Timeless Theme Present In "The Crucible" And In "Macbeth: The Abuse Of Power

1712 words - 7 pages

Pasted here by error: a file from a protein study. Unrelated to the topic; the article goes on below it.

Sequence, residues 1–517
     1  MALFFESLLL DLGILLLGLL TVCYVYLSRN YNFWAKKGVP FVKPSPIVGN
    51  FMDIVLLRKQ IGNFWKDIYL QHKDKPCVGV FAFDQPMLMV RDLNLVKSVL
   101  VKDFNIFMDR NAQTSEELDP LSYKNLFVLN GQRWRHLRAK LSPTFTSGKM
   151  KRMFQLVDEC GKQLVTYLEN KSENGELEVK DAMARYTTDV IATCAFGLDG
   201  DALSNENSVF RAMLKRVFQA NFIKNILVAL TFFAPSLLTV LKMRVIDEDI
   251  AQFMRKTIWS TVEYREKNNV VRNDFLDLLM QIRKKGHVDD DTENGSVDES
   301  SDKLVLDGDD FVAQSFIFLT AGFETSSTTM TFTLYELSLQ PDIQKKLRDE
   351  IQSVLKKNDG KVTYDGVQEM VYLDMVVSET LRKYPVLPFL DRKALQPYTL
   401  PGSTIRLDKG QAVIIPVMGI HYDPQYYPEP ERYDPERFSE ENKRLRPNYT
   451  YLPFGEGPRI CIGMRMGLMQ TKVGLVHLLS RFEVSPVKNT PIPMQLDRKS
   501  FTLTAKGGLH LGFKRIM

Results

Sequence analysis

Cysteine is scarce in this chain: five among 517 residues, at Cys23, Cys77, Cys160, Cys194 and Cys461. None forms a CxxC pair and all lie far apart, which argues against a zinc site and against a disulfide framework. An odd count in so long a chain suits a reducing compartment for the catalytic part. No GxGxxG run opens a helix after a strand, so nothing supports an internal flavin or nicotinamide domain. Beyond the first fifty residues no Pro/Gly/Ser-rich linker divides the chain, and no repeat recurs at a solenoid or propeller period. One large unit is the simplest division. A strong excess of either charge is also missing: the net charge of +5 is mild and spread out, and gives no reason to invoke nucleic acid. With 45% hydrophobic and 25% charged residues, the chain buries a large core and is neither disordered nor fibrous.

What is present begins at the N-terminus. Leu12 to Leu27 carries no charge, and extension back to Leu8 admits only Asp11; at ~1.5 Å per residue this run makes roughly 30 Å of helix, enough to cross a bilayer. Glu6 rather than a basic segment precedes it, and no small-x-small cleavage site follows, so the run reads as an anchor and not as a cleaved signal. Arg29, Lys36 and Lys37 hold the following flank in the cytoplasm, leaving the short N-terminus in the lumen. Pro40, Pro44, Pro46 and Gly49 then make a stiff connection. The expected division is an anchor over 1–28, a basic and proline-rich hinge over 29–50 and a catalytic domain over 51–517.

One timeless theme found in many pieces of literature is the abuse of power. Many people who are in power, abuse their power, and commonly become corrupt or unjust due to the power. The essence of human nature is to crave power. Along with this craving of power in some humans is the corruptness and injustice when one comes into power or on one's path to achieving power. This is a timeless theme, as power and human nature have always existed in man's history. This theme may be observed in Macbeth, a play written by William Shakespeare in the early quarter of the 17th century and set in the 11th century. This can also be observed in The Crucible, written by Arthur Miller in the 20th century, and taking place in the 17th century.In the beginning, Macbeth is a virtuous man, or at least interpreted as one by those who know him. He has been thinking of power, but has not yet made any decision upon it, and it is really just a thought, a dream even, in the back of his head, which he seems to have no real intention of pursuing. One may see how Macbeth is virtuous when an injured Captain is coming back from the front, and tells Duncan and Malcolm about the battle:"And Fortune, on his damnèd quarrel smiling, / Showed like a rebel's whore: but all 's to weak; / For brave Macbeth (well he deserves that name), / Disdaining Fortune, with his brandished steel, / Which smoke with bloody execution, / Like Valour's minion, carved out his passage, / Till he face the slave; Which ne'er shook hands, nor bade farewell to him, / Till he unseamed him from the nave to the chaps, / And fixed his head upon our battlements." (Act One, Scene II, l.14-24 Shakespeare)In this story told by the captain, Macbeth is a virtuous man. The Captain qualifies Macbeth as brave and even comments on how Macbeth "deserves that name". This may be considered Macbeth initial and noble stage, before power corrupted him, to the point of committing numerous atrocities for the sake of power. Macbeth however is soon corrupted by the thought of achieving supreme power over Scotland, brought forth by the witches telling him that the crown would be his.The corruptness may be seen in Macbeth mostly seen in Macbeth's path to power. The thought of obtaining power has pushed Macbeth to contemplating murder much more than before, and he stacks up the reasons of why he should not kill Duncan against the reason to kill Duncan. One can see this in a monologue early in the book:"[...] First , as I am his kinsman and his subject, / Strong both against this deed; then as his host, / Who should against his murder shut the door, / Not bear the knife myself. [...] hath been / So clear in his great office, that his virtues / Will plead like angels, trumpet tongued, against / The deep damnation of this taking-off; / [...] To prick the sides of my intent, but only / Vaulting ambition, which o'erleaps itself / And falls on the other -" (Act One, Scene VII, l.1-28 Shakespeare)In this passage, one may understand...

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